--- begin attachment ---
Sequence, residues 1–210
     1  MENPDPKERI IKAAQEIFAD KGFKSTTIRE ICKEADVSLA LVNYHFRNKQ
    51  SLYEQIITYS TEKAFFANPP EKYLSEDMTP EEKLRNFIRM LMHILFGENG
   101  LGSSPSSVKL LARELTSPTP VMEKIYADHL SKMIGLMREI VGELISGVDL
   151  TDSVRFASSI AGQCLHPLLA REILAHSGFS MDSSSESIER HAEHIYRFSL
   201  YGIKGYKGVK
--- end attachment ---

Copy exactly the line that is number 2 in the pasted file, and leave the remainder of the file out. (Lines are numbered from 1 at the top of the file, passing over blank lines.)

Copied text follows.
     1  MENPDPKERI IKAAQEIFAD KGFKSTTIRE ICKEADVSLA LVNYHFRNKQ